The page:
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South Africa: Stalled for Years, Durban Housing Project Faces Further Delays

A R112-million contract has expired and the municipality says it will issue a new tender

  • Two housing projects in a R112-million contract for Clare Estate, Durban, will be delayed yet again.
  • Both projects have suffered significant delays due to Covid lockdowns, civil unrest, labour issues, and disputes over beneficiaries.
  • The Kennedy Road housing project is yet to start, while Barton Place has only 142 cement foundations, eight show houses and 42 half-built duplexes.
  • The builder’s contract expired in early 2022 and eThekwini municipality says it must issue a new tender for the top structures at Barton Place.

Nomakhosazana Ntuli has lived in Kennedy Road informal settlement in Clare Estate, Durban, since 2001. She stays in a small shack with her 23-year-old daughter and four grandchildren.

Since planning started in 2012, Ntuli has been among a dozen residents set to benefit from a RDP housing project in Barton Place. But more than a decade later, the project remains far from complete.

Ntuli’s living circumstances became desperate after her shack burnt down with a thousand other shacks in a fire at Kennedy Road informal settlement in July.

“We waited until we got fed-up. We had voted for the DA, but we lost hope in it after it failed to deliver the Barton Place housing project. Then we went back to the ANC hoping for a change, yet here we are, still waiting,” said Ntuli.

EThekwini municipal spokesperson Gugu Sisilana confirmed the contract with Khuthala Consultant (Pty) Ltd, the company hired to complete the housing top structures, had expired early last year.

Khuthala Consultant owner, Thami Khanyile, was awarded a contract in 2016, with the R112-million confirmed in January 2019. He says this was to provide top structures for 572 RDP houses in Clare Estate: 98 houses in Cornubia, 48 houses in Dodama, 198 double storey, semi-detached houses in Barton Place, and 228 units in Kennedy Road. The contract was expected to be for three years and was meant to be done in four phases. Slabs and engineering services were done by another construction company.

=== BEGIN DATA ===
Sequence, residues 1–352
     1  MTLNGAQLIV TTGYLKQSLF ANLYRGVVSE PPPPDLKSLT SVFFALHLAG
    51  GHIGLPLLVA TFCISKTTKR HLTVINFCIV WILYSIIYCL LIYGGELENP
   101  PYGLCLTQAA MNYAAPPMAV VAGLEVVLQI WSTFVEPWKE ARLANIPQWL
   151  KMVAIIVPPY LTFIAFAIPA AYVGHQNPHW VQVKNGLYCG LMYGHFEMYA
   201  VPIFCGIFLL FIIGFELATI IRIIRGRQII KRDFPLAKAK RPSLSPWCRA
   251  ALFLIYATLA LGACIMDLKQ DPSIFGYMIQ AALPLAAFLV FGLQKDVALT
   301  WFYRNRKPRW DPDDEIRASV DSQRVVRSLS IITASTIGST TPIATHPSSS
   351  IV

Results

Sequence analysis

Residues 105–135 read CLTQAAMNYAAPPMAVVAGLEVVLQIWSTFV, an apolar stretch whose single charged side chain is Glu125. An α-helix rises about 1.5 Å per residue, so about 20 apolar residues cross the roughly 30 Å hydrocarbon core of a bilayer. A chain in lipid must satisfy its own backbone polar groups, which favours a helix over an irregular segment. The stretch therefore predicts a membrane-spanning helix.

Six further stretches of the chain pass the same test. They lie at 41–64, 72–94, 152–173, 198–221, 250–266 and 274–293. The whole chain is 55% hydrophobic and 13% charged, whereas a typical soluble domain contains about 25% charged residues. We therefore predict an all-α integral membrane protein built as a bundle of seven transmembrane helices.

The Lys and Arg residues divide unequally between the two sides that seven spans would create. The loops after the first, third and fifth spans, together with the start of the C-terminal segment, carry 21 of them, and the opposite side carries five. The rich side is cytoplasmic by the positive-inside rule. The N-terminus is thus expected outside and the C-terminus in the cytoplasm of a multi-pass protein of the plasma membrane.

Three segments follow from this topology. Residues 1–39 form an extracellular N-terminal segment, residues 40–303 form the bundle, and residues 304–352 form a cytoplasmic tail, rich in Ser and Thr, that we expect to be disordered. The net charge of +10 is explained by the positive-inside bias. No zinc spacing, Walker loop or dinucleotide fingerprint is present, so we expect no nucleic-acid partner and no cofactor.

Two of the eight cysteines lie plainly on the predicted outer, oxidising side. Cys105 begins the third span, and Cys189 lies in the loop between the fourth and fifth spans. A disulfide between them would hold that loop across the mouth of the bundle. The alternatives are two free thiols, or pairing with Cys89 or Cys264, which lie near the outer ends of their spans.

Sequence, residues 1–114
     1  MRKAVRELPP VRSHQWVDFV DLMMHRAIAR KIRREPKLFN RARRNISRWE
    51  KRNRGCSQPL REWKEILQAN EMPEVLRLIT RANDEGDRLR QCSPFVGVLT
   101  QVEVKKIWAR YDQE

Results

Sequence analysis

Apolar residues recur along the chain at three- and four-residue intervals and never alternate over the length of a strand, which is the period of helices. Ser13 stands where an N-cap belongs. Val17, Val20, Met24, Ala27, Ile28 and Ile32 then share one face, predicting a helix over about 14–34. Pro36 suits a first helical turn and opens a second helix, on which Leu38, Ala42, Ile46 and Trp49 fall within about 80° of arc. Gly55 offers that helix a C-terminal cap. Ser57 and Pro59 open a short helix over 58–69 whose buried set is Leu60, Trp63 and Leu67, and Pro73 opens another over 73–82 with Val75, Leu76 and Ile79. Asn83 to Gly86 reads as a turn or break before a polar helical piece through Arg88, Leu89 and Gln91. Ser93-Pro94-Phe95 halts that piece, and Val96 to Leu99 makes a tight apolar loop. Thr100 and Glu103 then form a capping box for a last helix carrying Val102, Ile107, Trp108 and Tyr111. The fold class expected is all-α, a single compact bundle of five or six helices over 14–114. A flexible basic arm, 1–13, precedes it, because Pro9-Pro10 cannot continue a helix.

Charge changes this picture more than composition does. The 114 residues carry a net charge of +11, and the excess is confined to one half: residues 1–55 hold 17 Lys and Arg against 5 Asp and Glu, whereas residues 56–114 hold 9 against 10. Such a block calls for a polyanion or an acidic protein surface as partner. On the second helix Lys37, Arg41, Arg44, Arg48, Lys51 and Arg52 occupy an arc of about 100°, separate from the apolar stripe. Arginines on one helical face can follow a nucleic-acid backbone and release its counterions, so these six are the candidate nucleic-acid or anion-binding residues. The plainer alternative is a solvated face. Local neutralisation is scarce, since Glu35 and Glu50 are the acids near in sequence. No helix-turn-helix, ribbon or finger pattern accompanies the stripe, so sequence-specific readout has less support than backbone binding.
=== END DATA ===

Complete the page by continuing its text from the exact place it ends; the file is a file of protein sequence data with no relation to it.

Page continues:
Houses were handed over to beneficiaries of the Cornubia and Dodoma projects, although the electricity connections were not completed in Dodoma. GroundUp found that residents there still rely on illegal connections.

According to Kanyile, construction in Barton Place was meant to start in early 2019, but there were delays with the municipality hiring engineers, and they only started work in 2021. The municipality took 18 months before granting an initial extension, and “this only left a few months” to complete the project, said Kanyile.

Work done so far at Barton Place includes 142 foundations, eight show houses, and 42 houses at first floor stage.

The housing project at Kennedy Road has not started.

Khanyile said he appealed the municipality’s decision not to extend his contract for a second time. He said his company has submitted “all the necessary documents” but he has not heard back from them.

Sisilana told GroundUp that eThekwini plans to put out a new tender for the completion of the top structures.

A June 2022 council meeting states that delays at Barton Place were largely due to the Covid lockdowns, civil unrest, labour issues, and disputes over which wards the project falls under. Ward 24 has a DA councillor and ward 25 an ANC councillor.

Ward 25 Councillor Themba Mkhize (ANC) from Barton Place, said residents are tired of waiting for the projects to be completed. There had been four shack fires in Kennedy Road informal settlement this year alone. “Some residents are still waiting for municipality assistance with [building] material,” he said.

KZN Human Settlements spokesperson Mbulelo Baloyi said the Barton Place project was implemented by eThekwini Metropolitan Municipality under its Informal Settlement Upgrade Programme. The metro gets a special R1.2-billion from the National Treasury via the National Department of Human Settlements.

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